The government has been criticised for giving “confusing” advice in recent weeks. Ministers have been encouraging a gradual return to work since May, with the ongoing winding down of the furlough scheme, guaranteeing 80% of each employees’ wage would be paid.
From 1st July, companies were encouraged to put the emphasis on a flexible return to work, as long as safety measures were applied. By the end of August, a positive “return to work” campaign was launched and employers began adapting to the “new normal” in the workplace.
According to a report by the BBC, during September, the government would further promote returning to work, with Transport Secretary Grant Shapps saying in an interview, “For a lot of people, it will be the right time.”
However, less than a month later, on 22nd September, the rise in cases has led to a U-turn by the government, with ministers now advising people to work from home again. Cabinet Office Minister Michael Gove told BBC Breakfast, “If people can work from home, they should.”
However, he added if employees couldn’t do their job without being in the workplace, they should continue to go in, but the advice was work from home when possible.
Is more government help available for businesses?
The Coronavirus Job Retention Scheme, commonly known as the furlough scheme, is due to end on 31st October, after helping 10 million workers retain their jobs to date. The government announced a new Job Support Scheme would start on 1st November to replace the furlough scheme. It will last six months and is designed to protect jobs in sectors affected by reduced demand due to the pandemic.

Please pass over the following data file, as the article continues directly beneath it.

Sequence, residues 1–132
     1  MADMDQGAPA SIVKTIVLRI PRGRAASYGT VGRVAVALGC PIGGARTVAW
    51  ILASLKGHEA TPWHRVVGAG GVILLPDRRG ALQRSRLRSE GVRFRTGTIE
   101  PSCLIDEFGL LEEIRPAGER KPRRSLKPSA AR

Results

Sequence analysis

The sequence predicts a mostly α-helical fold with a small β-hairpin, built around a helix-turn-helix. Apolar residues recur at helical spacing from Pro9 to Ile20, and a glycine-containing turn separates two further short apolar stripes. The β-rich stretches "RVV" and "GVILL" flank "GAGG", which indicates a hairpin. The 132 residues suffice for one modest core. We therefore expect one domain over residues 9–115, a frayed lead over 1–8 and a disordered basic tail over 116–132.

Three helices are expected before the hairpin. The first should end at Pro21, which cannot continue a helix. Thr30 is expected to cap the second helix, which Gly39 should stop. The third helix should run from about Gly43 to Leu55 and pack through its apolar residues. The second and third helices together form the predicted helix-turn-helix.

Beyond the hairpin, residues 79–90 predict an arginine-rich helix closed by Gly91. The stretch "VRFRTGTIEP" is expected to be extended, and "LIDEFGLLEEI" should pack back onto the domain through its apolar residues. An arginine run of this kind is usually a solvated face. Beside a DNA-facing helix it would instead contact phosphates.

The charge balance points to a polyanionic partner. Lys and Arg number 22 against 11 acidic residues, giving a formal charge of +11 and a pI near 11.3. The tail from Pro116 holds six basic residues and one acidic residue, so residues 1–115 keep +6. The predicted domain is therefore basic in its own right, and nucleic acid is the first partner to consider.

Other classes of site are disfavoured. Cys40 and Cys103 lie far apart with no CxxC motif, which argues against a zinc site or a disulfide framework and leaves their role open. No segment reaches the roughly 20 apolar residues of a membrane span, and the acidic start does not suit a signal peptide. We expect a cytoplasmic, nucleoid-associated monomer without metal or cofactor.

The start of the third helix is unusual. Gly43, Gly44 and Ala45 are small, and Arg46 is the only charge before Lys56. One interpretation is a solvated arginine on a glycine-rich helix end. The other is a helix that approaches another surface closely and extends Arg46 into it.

Businesses will pay staff for the hours they actually work, which may be considerably less than their contracted hours. Employees will receive extra money because the cost of the regular hours not worked will be divided between the government and the employer. However, the government’s contribution is capped at £697.92 a month and the employees will usually suffer a wage reduction.
The government also launched a scheme permitting the deferral of VAT payments and enabled employers to claim back Statutory Sick Pay paid to staff due to the virus. The Coronavirus Small Business Grant Fund, the Retail, Hospitality and Leisure Grant Fund and other money pots were set up to help eligible businesses.
Will businesses be able to cope with increased restrictions?
Despite government help, economists are predicting a further rise in unemployment by the end of the year. According to the Office for National Statistics, the most recent unemployment rate, for May to July, is 4.1% for people aged 16 and over – an increase from 3.9% on the previous quarter. This equates to around 1.4 million people unemployed.
However, the Bank of England has forecast unemployment could rise to 7.5% or possibly higher this winter. The worst-hit sectors are those suffering a big decrease in customers, including retail and hospitality.
While a report by Sage states 86% of SMEs fears a second wave will negatively impact their business, they’re relying on preparation and digitisation to survive the crisis. The study shows 40% have built stronger relationships with customers, 36% have become more cost-effective in their operating practices and 31% have adopted new technology to improve their digital capabilities. There has been a six-fold increase in online transactions since the lockdown first began.
Two to three years of technology improvements were completed in just two months as businesses battled to adapt quickly to the changing trading climate.